A father’s tough love is the harder job

As the father of an adult daughter and son, and the grandfather of four knucklehead boys (Hurricane, Tornado, Crash and Train Wreck), I’ve learned some things about love.

All the hours logged as Dad and Poppy have often caused me to contemplate how different are the roles of mother and father, especially in the overt demonstration of parental love. It’s fascinating how the manifestation of this love differs between mother and father—biologically, emotionally and experientially.

A mother’s love, at once sweet and fierce, is observed in almost all animals, not just humans. No doubt you’ve heard this metaphor: “… as sweet as a mother’s love,” and this warning: “Don’t get between a momma bear and her cub.” I have been a witness to, and recipient of both of these expressions of love, and there truly is no other force in nature like it.

But it troubles me that there are no corresponding references to a father’s love. In fact, a human father’s love is more often associated with unfortunate references such as, “tough” and “disciplinarian.” And here’s a warning no child has ever heard: “Just wait ’til your mother gets home!”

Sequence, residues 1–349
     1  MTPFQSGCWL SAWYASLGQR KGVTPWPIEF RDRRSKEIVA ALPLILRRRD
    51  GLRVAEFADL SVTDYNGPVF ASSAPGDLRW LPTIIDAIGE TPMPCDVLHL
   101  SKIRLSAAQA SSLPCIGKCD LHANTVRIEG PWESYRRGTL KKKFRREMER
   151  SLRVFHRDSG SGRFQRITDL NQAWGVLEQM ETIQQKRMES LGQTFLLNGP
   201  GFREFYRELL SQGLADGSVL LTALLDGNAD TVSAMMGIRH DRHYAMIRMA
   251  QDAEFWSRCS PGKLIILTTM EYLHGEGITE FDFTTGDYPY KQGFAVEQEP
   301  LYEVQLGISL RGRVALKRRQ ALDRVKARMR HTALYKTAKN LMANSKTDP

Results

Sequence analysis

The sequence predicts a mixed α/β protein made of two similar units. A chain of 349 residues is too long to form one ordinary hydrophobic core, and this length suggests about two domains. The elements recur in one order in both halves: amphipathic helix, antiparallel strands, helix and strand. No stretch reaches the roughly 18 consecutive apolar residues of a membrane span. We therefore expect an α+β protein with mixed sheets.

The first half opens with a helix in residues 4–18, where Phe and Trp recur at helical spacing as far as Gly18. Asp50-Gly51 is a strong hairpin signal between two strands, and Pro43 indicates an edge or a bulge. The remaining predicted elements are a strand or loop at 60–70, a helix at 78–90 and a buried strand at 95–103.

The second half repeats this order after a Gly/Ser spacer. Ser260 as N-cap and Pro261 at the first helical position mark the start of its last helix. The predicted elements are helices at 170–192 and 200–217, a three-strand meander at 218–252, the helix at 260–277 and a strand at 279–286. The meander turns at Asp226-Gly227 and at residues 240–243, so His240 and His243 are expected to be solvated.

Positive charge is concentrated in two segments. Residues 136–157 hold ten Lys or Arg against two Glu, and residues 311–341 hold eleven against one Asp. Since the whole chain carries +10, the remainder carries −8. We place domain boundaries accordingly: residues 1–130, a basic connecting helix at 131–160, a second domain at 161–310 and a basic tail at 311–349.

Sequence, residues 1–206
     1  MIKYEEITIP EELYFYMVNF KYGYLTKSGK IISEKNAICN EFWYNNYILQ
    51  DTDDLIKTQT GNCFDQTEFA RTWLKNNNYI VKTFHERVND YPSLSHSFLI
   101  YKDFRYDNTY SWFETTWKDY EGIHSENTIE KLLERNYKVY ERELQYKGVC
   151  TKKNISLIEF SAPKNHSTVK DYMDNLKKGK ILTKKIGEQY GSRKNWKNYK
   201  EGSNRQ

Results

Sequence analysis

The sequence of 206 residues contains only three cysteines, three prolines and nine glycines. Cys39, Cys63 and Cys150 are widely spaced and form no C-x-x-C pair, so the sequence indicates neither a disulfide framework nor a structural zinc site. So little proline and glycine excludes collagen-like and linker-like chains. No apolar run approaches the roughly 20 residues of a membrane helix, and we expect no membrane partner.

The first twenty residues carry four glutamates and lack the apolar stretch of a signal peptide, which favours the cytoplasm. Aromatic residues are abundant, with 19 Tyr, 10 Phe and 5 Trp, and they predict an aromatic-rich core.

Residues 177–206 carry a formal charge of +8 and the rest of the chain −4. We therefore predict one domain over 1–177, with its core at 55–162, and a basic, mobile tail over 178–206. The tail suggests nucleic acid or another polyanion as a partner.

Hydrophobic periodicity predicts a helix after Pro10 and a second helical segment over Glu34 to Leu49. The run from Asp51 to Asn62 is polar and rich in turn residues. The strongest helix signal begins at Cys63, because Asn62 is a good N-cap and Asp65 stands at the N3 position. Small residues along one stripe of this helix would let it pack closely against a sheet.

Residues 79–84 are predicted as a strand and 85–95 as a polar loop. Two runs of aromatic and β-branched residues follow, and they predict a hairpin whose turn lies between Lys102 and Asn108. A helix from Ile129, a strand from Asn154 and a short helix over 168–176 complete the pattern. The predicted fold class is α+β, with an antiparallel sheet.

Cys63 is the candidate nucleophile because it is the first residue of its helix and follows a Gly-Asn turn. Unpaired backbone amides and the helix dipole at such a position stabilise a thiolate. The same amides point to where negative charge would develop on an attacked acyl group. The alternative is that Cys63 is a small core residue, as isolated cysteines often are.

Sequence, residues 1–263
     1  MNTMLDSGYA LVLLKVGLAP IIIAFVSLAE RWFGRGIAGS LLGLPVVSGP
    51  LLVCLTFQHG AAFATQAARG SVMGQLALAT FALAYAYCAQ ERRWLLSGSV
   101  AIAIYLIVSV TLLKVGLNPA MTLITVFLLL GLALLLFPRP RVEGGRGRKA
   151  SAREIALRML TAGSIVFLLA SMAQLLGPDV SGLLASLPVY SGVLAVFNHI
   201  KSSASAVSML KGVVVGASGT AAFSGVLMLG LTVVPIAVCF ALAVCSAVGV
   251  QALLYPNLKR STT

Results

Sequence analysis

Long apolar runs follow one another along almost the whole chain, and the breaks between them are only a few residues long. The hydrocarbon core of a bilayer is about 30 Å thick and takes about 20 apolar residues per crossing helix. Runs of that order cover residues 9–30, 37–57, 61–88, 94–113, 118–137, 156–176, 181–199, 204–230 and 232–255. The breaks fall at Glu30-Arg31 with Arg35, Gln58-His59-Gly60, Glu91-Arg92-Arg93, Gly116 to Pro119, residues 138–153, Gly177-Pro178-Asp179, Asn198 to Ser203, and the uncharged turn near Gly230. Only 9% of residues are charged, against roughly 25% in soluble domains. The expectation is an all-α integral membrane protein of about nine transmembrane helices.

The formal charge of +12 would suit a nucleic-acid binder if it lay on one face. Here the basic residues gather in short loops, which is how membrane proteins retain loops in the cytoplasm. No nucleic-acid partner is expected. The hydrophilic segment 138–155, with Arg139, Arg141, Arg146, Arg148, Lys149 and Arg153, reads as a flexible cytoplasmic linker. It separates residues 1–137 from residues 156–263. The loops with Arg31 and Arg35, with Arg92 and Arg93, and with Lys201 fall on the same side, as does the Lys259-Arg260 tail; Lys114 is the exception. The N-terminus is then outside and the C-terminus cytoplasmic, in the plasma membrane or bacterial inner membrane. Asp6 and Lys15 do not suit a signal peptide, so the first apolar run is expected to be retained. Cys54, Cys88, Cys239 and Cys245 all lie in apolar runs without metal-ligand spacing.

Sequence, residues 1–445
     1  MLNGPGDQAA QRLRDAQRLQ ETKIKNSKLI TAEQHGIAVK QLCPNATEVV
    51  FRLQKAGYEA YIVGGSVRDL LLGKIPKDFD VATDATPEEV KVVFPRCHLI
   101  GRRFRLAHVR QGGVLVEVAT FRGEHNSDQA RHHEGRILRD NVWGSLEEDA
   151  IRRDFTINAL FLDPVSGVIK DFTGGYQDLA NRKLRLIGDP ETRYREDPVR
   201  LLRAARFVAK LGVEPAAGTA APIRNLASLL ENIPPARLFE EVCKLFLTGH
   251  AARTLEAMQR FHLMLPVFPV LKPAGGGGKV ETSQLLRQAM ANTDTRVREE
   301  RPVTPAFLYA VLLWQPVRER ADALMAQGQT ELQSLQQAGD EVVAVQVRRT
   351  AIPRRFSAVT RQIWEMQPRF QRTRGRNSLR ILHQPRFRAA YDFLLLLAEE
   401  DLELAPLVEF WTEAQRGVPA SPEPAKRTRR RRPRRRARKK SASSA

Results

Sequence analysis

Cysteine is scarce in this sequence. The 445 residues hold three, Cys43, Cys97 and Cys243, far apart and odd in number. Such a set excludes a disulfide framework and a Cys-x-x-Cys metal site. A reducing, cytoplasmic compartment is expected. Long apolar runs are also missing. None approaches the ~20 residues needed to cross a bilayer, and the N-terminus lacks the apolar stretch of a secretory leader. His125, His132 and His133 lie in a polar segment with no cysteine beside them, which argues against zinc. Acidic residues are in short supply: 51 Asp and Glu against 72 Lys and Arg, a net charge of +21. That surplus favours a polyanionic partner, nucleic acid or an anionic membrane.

Could this be why Father’s Day is not quite as big a deal as Mother’s Day? Just sayin’ …

Mothers occupy the pinnacle of parental love – with justification. And not to take anything away from them, but let’s be honest: since a mother’s sweet love is as primal as the miracle of birth, they don’t have to work too hard to deliver it. But there is a uniqueness about a father’s love that deserves a better rap. Here why:

Unlike a mother’s sweet love, a father’s tough love does not exist outside of Homo sapiens.
When a father’s parental toughness is called for, especially when applied to an indignant recipient (read: teenager), it requires a love that has found the courage to at once endure an immediate negative response and a willingness to defer gratification – sometimes for years.
No one is more keenly aware of the distinction between the application of these two demonstrations of love than a single parent (especially single moms), where both kinds are required of the same person, perhaps within minutes.

Mothers, please forgive any bias you may detect, but here’s my conclusion about parental love: The only force in the universe that comes close to a mother’s sweet love is a father’s tough love. But the latter is the harder job, and the return on investment almost always takes longer.

Write this on a rock … Happy Father’s Day, Dads. You’ve earned it.

A father’s tough love is the harder job

This is Jim’s traditional Father’s Day column.

As the father of an adult daughter and son, plus the grandfather of four knucklehead boys (Hurricane, Tornado, Crash and Train Wreck), I’ve learned some things about love.